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The Colonial Roots of Annapolis : Maryland's Statehouse Served as Young America's Capitol

Charles Hillinger's America

October 25, 1987|CHARLES HILLINGER | Times Staff Writer

ANNAPOLIS, Md. — Huge paintings of King Charles I of England and his wife, Queen Henrietta Maria, flank the fireplace of the Governor's Reception Room on the second floor of Maryland's Capitol.

The paintings of the 17th-Century king and queen are quite appropriate in America's oldest Capitol in continuous legislative use: Lord Baltimore named Maryland in honor of King Charles' wife, after the king granted Baltimore a charter for a colony in the New World.

Annapolis is also named for Queen Anne, who issued the capital its charter in 1708.

The British Colonial legacy is everywhere in Annapolis, population 32,000, where four of its main streets are named Duke of Gloucester, King George, Prince George and Hanover, for the Royal house of the same name.

Annapolis is filled with reminders of America's early history. The city boasts more pre-Revolutionary War homes than any other. Block after block of cobblestone and brick streets and alleys are lined with preserved and restored Colonial red-brick homes and shops.

High on a Hill

Maryland's pillared, red-brick Capitol with its 200-foot-high white wooden dome is perched on Annapolis' highest hill. It looms above the capital's historic district, above the sprawling U.S. Naval Academy on the shores of the Severn River. The Capitol was built between 1772 and 1779.

This is the only Statehouse that has served as the nation's Capitol. From Nov. 26, 1783, to Aug. 13, 1784, this same building, which continues to house Maryland's legislative chambers and executive offices, was the seat of the new country's government.

It was in the Old Senate Chambers on Dec. 23, 1783, that George Washington appeared before the Continental Congress and resigned his commission as commander in chief of the Continental Army. Five years and four months later, he was inaugurated as President.

On Jan. 14, 1784, the Treaty of Paris was ratified by the Continental Congress at the Capitol in Annapolis, officially ending the Revolutionary War. Thomas Jefferson and James Monroe were members of the Continental Congress when the Maryland Statehouse served as the nation's first peacetime Capitol.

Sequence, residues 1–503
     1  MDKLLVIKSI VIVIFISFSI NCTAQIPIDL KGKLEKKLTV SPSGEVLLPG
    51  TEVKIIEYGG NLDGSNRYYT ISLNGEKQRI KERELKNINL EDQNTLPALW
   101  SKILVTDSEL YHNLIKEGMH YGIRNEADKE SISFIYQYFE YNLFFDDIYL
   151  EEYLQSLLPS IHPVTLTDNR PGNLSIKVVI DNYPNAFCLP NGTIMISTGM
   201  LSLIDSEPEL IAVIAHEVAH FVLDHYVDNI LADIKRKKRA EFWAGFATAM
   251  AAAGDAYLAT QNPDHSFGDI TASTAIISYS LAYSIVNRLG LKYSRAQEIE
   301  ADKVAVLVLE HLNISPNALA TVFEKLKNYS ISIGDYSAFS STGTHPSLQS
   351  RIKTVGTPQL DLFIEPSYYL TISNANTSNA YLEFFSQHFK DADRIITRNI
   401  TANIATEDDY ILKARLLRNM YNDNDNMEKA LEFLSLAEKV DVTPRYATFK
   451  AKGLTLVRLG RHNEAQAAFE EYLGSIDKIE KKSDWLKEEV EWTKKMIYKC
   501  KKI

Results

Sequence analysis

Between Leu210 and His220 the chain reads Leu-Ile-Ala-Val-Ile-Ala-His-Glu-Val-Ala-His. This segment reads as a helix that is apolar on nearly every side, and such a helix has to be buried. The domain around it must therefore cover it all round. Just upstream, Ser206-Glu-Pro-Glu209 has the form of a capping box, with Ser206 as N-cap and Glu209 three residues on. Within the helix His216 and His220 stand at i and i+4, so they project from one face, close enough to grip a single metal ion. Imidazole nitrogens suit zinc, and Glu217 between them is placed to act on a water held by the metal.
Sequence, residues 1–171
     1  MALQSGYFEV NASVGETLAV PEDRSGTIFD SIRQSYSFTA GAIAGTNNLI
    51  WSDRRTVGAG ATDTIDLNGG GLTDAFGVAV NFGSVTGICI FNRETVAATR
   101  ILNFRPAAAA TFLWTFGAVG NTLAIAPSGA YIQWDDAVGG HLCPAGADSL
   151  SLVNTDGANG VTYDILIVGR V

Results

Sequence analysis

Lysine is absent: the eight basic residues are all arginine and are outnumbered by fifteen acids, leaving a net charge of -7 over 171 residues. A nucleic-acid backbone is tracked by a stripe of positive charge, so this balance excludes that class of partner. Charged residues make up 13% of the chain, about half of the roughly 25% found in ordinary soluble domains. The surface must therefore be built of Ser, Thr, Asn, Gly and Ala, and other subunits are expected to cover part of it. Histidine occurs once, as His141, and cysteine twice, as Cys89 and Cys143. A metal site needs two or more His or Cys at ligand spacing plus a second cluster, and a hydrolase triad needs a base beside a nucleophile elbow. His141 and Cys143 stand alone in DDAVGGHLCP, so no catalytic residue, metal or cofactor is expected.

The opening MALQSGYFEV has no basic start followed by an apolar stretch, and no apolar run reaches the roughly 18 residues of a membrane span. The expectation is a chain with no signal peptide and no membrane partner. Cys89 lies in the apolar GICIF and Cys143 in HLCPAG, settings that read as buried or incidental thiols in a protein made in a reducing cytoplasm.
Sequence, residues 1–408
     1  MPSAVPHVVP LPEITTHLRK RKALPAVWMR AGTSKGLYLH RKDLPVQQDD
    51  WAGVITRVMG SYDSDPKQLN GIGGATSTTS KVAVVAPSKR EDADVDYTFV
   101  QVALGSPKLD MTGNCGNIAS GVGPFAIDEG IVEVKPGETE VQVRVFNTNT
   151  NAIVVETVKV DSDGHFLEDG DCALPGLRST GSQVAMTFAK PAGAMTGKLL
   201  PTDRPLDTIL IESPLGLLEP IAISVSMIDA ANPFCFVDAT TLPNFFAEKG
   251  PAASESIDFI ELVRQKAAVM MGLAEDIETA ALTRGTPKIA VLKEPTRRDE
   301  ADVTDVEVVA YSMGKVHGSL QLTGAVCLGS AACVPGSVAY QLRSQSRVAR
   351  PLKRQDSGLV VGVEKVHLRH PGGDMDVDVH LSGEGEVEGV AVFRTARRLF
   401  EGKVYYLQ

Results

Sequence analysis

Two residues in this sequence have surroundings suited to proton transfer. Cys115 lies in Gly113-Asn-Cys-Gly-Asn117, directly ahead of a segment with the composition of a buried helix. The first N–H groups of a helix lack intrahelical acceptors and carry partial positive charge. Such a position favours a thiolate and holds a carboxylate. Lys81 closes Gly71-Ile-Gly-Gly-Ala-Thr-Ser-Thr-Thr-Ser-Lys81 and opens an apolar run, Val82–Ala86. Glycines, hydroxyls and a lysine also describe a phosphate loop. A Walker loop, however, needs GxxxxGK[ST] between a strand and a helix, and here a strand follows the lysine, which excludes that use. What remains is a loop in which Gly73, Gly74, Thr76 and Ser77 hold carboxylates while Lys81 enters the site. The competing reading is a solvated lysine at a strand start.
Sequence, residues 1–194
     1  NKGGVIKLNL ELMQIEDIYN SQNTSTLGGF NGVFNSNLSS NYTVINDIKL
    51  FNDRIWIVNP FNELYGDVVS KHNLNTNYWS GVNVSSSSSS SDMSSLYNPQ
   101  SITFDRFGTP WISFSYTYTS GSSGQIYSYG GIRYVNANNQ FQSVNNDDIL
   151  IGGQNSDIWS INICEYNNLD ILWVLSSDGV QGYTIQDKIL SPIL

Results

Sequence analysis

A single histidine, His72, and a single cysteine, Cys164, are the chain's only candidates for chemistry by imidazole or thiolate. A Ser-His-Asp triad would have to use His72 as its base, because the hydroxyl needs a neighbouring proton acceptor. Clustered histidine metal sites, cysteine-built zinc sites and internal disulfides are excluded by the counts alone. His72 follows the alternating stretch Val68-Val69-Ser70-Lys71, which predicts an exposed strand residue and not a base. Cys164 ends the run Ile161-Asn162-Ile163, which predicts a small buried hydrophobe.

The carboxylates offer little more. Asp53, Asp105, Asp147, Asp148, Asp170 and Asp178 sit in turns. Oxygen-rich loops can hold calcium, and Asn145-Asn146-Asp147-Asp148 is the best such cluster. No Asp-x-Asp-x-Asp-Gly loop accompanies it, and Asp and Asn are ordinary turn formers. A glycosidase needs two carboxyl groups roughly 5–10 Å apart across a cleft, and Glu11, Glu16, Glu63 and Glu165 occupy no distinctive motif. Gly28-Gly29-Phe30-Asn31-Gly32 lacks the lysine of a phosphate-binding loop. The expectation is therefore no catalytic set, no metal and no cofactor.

Every day, Capitol guards climb the 149 steps of the steep spiral staircase to the top of the dome to raise and lower the U.S. and Maryland flags. Maryland's is the only state flag with the colors and coat of arms of a state's founding families.

The Capitol dome, the nation's largest wooden dome, is constructed of Maryland cypress and held together with wooden pegs. The dome is crowned with a huge carved acorn, a symbol of wisdom.

Almost every day, fourth-graders studying Maryland's history are bused in from schools throughout the state to tour, along with many other visitors, the Capitol.

"The fourth-graders get quite excited about being able to stand on the exact spot where George Washington stood and delivered his farewell address from the Army," veteran guide Judy Housley said.

Above the grand staircase is an 1859 painting by Edwin White of Washington resigning his military commission.

In 1781, the Legislature commissioned famed Maryland painter Charles Wilson Peale to paint a full-length portrait of Gen. Washington "in grateful remembrance of that most illustrious character." Peale's painting hangs in the Old Senate Chamber. A mannequin of Washington stands in there, too.

A plaque in the rotunda salutes Maryland native Matthew Alexander Henson, the co-discoverer of the North Pole with Adm. Robert E. Peary in 1909.

Moon Rocks

Behind glass is a miniature Maryland flag carried to the moon and back by the Apollo 11 astronauts, along with several small flakes of moon rocks.

Numerous historic paintings adorn the walls of the Statehouse. One painting that attracts considerable attention is "The Burning of the Peggy Stewart." Like Boston, Annapolis had a tea party. When Revolutionary patriots learned that Anthony Stewart, owner of the vessel, brought a cargo of tea from England and paid the taxes on it, they torched the ship in Annapolis harbor.

Every state honors two of its most illustrious citizens in Statuary Hall in the U.S. Capitol. Smaller versions of Maryland's statues of John Hanson and Charles Carroll are in the New Senate Chamber here.

Hanson is often called "the first president of the United States," because he represented Maryland in the Continental Congress and was elected by that body in 1771 as the "first president of the United States in Congress Assembled."

Carroll, one of Maryland's four signers of the Declaration of Independence and the only Roman Catholic to sign the document, was one of Maryland's first two U.S. senators. He lived to be 95 and was the oldest survivor of the 56 signers. At 90, on July 4, 1828, Carroll presided at a ceremony that began construction of the Baltimore & Ohio Railroad.

An annex of similar style was added to the Statehouse at the turn of the century to provide larger quarters for the 141-member House of Delegates and the 47-member Senate.

"From time to time over the last 100 years there has been talk of moving the capital to Baltimore, but it was never pursued very seriously," said Chris Allan, 36, administrator of the State Archives.

"There is something especially nice about using the old Statehouse so long, about that kind of utility, where other states have moved to new locations several times and constructed massive complexes devoted to state government."

But Maryland has stuck with its old Capitol and its original plan for its capital city, laid out by a royal governor, Francis Nicholson, who ruled from 1694 to 1699. Nicholson moved the Colonial capital from St. Mary's to Annapolis in 1694 and laid out the city's baroque street plan.

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